Early in the twentieth century, the heartening “professors’ literature of protest” movement challenged the logic that came to dominate governance structures after Trustees v. Dartmouth. The now mostly forgotten scholars behind books like James McKeen Cattell’s 1906 University Control argued for a “democracy of scholars serving the larger democracy of which it is a part.” These were radical thinkers who believed in abolishing private property and who might find their contemporary analogues in those advocating for wall-to-wall unions today. Indirectly, but nonetheless definitively, according to Kaufman-Osborn, the emergence of the AAUP in 1915 put an end to this challenge. “What if,” he asks, pointing to a painful irony, “the foremost champion of shared governance, the AAUP, has done more to reinforce than to challenge the autocratic constitution of rule within American colleges and universities?” Kaufman-Osborn praises the AAUP for its extraordinary historical accomplishments in articulating and defending academic freedom, but he is scathing about the way its solutions, such as advocacy for tenure, essentially accepted board authority as a fait accompli. The AAUP’s mistake was to believe that it could “figure out how to locate and preserve the horizontal relations of authority that define member corporations within the confines of property corporations predicated on a vertical construction of rule.” The erosion of tenure and the rise of activist boards whose members are happy to assert their dominance demonstrate, he suggests, that the AAUP’s positioning of professors in terms of the modern professions was a “gamble . . . that has now proven a wholesale bust.”

Kaufman-Osborn anticipates that the idea motivating The Autocratic Academy—that boards might be eliminated and universities reconstituted as member corporations—will be met with skepticism. He also seems to anticipate that readers will be frustrated that he fails to sketch out how faculty might find the solidarity and will to reincorporate our colleges and universities along the democratic lines he envisions. Such a task would obviously be enormous, and the timing for it is not auspicious, given the contempt for faculty currently being whipped up by partisan politicians who say legislators and their political appointees on boards should have more, not less, control over what we do. But the book is extraordinarily important at precisely this moment when we need to think seriously about how dangerous our institutions’ bylaws are and how devastating it is that we never found a way to give shared governance doctrinal heft or to enshrine faculty control over curricula into law. The path to Commonwealth University—the name Kaufman-Osborn gives to his imaginary member-incorporated institution of higher education—is murky, but we can and should start to renegotiate our governance rules. We might, for example, follow the lead of the Oregon AAUP conference, which successfully lobbied for SB 273, a bill that “reforms our public university boards to ensure that they are more inclusive of and responsive to community voices both on the board itself and in its public meetings.” It requires that public comments receive a response and that faculty unions have the right to present reports at board meetings. SB 273 is not the revolution we need, but it is a step in the right direction.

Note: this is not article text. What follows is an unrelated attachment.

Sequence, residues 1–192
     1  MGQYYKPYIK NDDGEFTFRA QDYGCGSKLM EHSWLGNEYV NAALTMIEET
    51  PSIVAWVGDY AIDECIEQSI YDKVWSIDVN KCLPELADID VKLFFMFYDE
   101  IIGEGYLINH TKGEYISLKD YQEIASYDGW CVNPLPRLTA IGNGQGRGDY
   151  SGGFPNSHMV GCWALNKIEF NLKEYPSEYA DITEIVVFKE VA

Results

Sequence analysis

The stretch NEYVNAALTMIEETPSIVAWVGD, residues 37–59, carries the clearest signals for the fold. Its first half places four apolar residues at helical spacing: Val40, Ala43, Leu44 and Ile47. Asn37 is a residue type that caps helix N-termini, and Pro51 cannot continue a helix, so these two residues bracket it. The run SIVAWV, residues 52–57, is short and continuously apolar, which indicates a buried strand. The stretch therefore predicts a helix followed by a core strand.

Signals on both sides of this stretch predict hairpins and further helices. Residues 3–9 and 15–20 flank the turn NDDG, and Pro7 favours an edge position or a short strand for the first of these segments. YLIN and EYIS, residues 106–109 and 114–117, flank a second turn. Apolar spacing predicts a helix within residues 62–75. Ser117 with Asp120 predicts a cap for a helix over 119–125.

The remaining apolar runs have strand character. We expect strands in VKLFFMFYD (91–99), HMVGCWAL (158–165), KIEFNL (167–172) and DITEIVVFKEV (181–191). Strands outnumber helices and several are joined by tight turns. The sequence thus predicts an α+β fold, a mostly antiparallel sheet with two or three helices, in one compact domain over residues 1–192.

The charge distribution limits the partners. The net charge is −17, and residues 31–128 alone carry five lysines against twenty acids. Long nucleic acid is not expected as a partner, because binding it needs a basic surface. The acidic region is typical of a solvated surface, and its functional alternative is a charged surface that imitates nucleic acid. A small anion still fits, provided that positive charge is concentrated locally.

Jennifer Ruth is professor and associate dean at Portland State University. Her most recent book is It’s Not Free Speech: Race, Democracy, and Academic Freedom, coauthored with Michael Bérubé, and she is the coeditor, with Ellen Schrecker and Valerie Johnson, of The Right to Learn: Resisting the Right-Wing Attack on Higher Education, forthcoming from Beacon Press. Her email address is [email protected].